Amruda Nair’s Naan Bar is Malta’s best restaurant

Not only is Naan Bar Malta’s best restaurant, as declared at the World Culinary Awards, what makes it special is that it’s a modern Indian restaurant that incorporates traditional Maltese ingredients like rabbit into Indian dishes with effortless ease.
The delectable fare at naan bar, valetta. Image: daryl cauchi.
The delectable fare at Naan Bar, Valetta. Image: Daryl Cauchi.

Late last year, in a glittering ceremony in Dubai, the World Culinary Awards declared Naan Bar, a modern Indian restaurant in Valetta, as Malta’s best restaurant. How did a two-year-old Indian restaurant, and the only one in Malta specialising in the cuisine, earn the love of its patrons and voters — votes are cast by culinary industry professionals and the general public — so swiftly?

For one, Naan Bar has a venerable lineage backing it. The proprietor is Mumbai-based Amruda Nair, a third-generation luxury hotelier from the family that created Leela Hotels. Amruda also runs Araiya, a boutique hotel brand that she launched about three years ago to much acclaim. Indeed, Naan Bar’s holding company is called Araiya Malta and there are plans for a boutique hotel in Malta at some point. 

Amruda nair, proprietor of naan bar, with one of the jungle murals at the restaurant in the backdrop.
Amruda Nair, proprietor of Naan Bar, with one of the jungle murals at the restaurant in the backdrop.

“We launched Naan Bar in April 2019, in the year Valetta was the EU Culture Capital,” says Amruda, “At that time I brought in Swaminathan, a Master Chef finalist, who was with me in Doha. He set it up. Now we have Chef Arvind Dangwal, who has been with us for about two years now.”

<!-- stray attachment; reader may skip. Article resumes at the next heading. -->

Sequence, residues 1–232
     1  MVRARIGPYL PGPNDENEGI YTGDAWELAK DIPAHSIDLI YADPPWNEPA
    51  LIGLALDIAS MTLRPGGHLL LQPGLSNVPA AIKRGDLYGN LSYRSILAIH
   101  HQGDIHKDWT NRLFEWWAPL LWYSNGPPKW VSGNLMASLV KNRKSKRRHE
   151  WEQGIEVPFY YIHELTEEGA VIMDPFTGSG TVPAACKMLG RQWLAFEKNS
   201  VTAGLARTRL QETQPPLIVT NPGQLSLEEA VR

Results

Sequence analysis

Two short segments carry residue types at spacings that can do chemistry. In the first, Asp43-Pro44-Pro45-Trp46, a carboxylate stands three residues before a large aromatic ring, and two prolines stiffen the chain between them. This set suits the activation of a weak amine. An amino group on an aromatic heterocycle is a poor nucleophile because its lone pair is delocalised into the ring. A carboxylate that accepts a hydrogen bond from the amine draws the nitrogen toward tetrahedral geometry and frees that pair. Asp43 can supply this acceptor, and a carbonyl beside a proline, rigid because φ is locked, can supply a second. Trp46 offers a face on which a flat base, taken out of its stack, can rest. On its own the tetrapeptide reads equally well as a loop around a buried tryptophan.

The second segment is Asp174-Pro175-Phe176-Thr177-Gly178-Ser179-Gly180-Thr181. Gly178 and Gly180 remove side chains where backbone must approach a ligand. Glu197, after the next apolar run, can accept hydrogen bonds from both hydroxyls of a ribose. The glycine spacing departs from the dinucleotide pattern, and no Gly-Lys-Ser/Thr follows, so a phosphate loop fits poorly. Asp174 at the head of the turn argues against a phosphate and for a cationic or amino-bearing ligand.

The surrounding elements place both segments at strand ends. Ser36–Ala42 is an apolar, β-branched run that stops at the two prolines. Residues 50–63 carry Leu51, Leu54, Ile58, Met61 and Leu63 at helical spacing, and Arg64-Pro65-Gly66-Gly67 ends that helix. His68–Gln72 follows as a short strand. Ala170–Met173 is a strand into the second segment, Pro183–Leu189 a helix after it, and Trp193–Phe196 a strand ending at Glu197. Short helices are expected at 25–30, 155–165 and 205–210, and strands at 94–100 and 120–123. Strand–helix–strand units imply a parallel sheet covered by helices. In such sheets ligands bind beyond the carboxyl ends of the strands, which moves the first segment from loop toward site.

Why Malta though? “I was looking at Europe as a destination to set something up. The original plan was to look at a boutique hotel. Malta is the only EU country where everything is in English, since it’s a former British colony, so it’s easy to do business there. I wanted to do an Indian-inspired concept, and the Maltese are quite open to foreign influences in general. British tourists are the largest inbound market for Malta. So, it checked a lot of boxes.” 

Naan bar has an upscale yet casual vibe. Image: daryl cauchi.
Naan Bar has an upscale yet casual vibe. Image: Daryl Cauchi.

About the name, Amruda says, “We wanted to keep it simple but nothing too clichéd — we wanted people to know there was an Indian element to it, but at the same time it had to have a modern feel.” Naan Bar is in a heritage building called Britannia House on Old Bakery Street, Valetta’s premier dining destination, so the whole context in terms of being a bread bar resonated. “There were lots of different inspirations for the name but really the idea was to keep it modern and simple, identified as Indian but clearly contemporary. And that’s what the food is like as well,” adds Amruda.